Tamara Thompson: Art as a Side Hustle
Sunday, August 21 marked the reception for the second public art exhibit for Tamara Thompson, with over 40 natural seaweed designs on watercolor paper, framed and matted, for wall and tabletop.
Thompson, self-named “The Seaweed Artist,” is in a group show with her father, Michael Harvan, a local landscape painter, at the Apiary in Carpinteria through the end of the month. The exhibit was packed with local fans and newbies to her work, who inquired about her process and took home pieces of artwork.
Thompson openly shares about her process and how it came about, “My day job is the UCSB Preschool Program Coordinator for 20 years. I came to working with seaweed during COVID lockdown in 2020. I walked the Carpinteria beach daily with my two grandsons. We collected everything from seaweed to sea glass. I am infatuated with seaweed and thought, what can I do with it? I researched maybe making seaweed tea or beauty products, but it was laborious and costly to buy the equipment. I tried eco-printing [aka botanical printing, which is a process by which the colors and shapes of natural plant material are transferred onto fabric or paper] and failed. Then I researched seaweed art and found out about pressing it. The method is similar to pressing flowers, but with a new element to take care of – water. The entire process takes about a month due to the water absorbed by the watercolor paper; I change the paper every two to three days. When the moisture is removed, I start the pressing process. Here I use paint brushes to open up the seaweed to lay as flat as can be without changing its thickness variations, and to create a design. As it dries over time, the colors of the seaweed come out. I do not add anything to it or paint it.”
Initially, she gave her art away to friends and people who stopped by to view it at her Palm Loft apartment, a section of housing in Carpinteria dedicated to artists. Thompson credits Barnaby Draper and his partner Ashley Farrell for her second career as an artist. “When they opened up Santa Barbara Hives in Carpinteria last year, I stopped by to say they needed to have some seaweed art,” she says. “After a studio visit, Draper took 16 finished works to his hive for display and purchase. I had no idea it would be an art I could sell and be viewed as an artist. My father is the artist, and I come from a family of creative people. When I showed my dad my seaweed art, he said he was impressed. I always felt I had a creative side and now I found my niche.”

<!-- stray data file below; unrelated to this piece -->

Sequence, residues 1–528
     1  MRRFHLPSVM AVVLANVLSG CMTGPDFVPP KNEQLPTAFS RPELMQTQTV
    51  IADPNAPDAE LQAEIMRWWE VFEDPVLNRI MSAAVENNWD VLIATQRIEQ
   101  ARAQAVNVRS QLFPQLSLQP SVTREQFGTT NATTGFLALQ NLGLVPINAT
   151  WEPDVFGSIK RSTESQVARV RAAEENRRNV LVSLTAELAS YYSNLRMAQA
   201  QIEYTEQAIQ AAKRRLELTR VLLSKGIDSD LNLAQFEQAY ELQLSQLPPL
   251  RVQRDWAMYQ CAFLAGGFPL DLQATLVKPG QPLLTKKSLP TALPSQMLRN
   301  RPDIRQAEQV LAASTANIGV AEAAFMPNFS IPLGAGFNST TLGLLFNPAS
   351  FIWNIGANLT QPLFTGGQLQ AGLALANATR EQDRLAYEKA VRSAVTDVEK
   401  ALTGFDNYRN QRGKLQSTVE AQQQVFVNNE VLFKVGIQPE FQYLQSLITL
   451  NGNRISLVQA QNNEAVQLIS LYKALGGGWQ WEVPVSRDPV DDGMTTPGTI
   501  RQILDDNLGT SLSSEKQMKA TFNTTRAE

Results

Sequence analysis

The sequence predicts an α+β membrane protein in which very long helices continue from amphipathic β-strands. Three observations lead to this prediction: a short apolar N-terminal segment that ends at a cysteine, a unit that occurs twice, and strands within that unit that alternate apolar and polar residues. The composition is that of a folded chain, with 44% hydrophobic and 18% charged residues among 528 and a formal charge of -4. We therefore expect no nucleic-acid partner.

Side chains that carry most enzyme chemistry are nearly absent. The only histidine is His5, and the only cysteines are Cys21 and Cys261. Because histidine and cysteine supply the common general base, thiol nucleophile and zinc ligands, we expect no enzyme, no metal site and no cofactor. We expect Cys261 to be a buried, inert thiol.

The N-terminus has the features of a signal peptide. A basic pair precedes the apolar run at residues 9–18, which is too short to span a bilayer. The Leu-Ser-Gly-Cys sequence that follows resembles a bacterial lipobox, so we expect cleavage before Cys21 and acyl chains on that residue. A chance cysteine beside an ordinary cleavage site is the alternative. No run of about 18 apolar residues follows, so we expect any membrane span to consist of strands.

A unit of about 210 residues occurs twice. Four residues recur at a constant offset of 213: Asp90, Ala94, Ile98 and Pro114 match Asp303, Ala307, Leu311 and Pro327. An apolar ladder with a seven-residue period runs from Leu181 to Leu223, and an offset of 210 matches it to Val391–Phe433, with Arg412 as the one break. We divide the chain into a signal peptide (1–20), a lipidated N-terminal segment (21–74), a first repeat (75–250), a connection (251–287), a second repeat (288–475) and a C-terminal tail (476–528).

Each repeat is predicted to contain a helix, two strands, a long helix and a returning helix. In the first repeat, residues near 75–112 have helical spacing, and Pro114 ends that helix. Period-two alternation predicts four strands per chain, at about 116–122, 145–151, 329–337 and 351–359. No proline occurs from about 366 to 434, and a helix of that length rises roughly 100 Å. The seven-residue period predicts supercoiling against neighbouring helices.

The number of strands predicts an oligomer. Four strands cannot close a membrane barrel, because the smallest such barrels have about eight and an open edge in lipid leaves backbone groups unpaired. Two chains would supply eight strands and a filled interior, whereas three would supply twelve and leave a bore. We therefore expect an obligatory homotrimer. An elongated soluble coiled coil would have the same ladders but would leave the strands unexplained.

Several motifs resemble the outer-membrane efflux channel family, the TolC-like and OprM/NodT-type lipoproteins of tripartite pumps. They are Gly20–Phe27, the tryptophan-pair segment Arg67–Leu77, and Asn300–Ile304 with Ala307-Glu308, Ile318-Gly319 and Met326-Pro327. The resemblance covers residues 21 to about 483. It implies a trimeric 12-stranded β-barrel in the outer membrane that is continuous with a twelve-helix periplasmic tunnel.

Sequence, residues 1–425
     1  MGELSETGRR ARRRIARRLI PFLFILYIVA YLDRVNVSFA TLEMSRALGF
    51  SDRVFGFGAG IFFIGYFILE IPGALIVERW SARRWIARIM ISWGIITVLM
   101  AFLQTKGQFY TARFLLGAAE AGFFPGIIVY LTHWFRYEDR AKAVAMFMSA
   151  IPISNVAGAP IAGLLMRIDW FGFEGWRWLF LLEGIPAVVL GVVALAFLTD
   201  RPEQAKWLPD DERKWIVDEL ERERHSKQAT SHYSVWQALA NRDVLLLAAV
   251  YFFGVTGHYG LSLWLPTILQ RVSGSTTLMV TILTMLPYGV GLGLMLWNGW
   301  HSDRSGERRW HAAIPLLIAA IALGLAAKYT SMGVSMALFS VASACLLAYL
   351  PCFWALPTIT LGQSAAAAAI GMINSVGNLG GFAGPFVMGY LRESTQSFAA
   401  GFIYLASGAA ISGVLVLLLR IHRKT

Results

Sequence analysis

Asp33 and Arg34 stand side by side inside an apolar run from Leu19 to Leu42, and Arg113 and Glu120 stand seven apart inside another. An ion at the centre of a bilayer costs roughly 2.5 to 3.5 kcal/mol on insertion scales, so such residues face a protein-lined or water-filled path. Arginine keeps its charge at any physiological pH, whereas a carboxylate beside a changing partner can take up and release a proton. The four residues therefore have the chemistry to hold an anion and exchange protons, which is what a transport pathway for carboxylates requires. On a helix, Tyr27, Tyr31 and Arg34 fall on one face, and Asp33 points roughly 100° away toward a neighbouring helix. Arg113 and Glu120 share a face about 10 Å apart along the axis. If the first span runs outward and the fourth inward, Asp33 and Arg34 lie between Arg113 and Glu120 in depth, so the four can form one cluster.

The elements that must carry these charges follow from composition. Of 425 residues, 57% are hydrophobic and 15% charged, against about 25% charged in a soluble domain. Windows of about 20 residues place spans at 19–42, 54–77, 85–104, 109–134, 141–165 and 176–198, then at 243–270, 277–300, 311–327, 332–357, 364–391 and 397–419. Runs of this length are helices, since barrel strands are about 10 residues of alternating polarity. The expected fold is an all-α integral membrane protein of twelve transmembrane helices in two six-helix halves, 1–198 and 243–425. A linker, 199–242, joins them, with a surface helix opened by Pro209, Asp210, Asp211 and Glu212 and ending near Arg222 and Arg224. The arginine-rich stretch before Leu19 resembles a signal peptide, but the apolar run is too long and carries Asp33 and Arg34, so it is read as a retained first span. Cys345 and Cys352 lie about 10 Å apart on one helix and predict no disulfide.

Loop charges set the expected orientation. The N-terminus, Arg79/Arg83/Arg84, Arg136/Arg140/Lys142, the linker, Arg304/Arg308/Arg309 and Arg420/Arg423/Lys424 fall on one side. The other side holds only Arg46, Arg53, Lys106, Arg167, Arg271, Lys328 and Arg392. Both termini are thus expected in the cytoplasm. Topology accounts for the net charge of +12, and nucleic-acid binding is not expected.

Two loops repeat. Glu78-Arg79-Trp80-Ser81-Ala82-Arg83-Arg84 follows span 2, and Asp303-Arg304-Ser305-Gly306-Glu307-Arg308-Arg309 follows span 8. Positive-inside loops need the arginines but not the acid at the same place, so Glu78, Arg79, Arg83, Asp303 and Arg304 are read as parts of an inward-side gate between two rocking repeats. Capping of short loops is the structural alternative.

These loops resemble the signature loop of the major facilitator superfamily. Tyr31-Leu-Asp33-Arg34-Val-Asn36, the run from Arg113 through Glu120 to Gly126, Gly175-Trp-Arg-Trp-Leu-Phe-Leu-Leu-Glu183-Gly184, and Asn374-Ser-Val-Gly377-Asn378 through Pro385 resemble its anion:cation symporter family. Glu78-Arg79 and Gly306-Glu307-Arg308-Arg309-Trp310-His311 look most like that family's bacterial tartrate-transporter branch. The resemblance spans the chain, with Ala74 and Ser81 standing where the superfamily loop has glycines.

There are many fine art artists working with seaweed such as Josie Iselin in San Francisco whose focus is science x art, showcasing the elemental and environmental qualities of it. She first scans it, and then digitally creates images of the seaweed printed on fine art paper, and authors books on it. And East Coast seaweed artist Corinna Kaufman, whose first collector of her seaweed art on greeting cards when she was only 15 was renowned photographer Alfred Eisenstaedt.
Like Kaufman, Thompson uses the seaweed itself as the art, on a solid white watercolor paper, one piece of seaweed per paper. Her use of watercolor paper connects to the water element from which it comes. Each piece of seaweed on paper is carefully laid out in a natural way that displays its fiber and transparency, its roots, stems, and leaves – aka stipe, holdfast, and fronds, along with its natural color. The work is surrounded by elaborate matting and framing from modern to gold filigree. She is working in a range of sizes from 3×4” to 11×14”.
What would lend to the value of her seaweed art is to have the scientific and common name of each type of seaweed in the work, either on the front or back of the piece. One notes how its beauty comes around once removed from the beach fleas, pestilence, and odors usually surrounding it.
After viewing the art, questions emerge, and allows the viewer to re-think about the common seaweed, the countless species of marine algae that grow in the sea. And further thoughts lead to what is the impact of seaweed on the oceans, its surrounding habitat, what marine life does it nurture, its use as a food source, its benefit for the planet and our lives. According to a news report in Time Magazine in November 2020, “Seaweed can play a huge role in fighting climate change by absorbing carbon emissions, regenerating marine ecosystems, creating biofuel and renewable plastics as well as generating marine protein.”
Seaweed is a protected natural habitat in California. Harvesting it for “recreational use” is regulated by the California Department of Fish and Wildlife. That guidance, along with other related information is found here: wildlife.ca.gov/Conservation/Marine/Kelp/Recreational-Harvest
What is the opportunity? Art can be used to facilitate and educate, and here in Thompson’s art with the ocean’s natural materials, lies the potential to create new avenues for the enrichment of life on earth.
411: Insta: @mermuse805
Tamara Thompson has a Master’s from Antioch University, Santa Barbara with a Degree in Education with an emphasis in Leadership and Social Justice.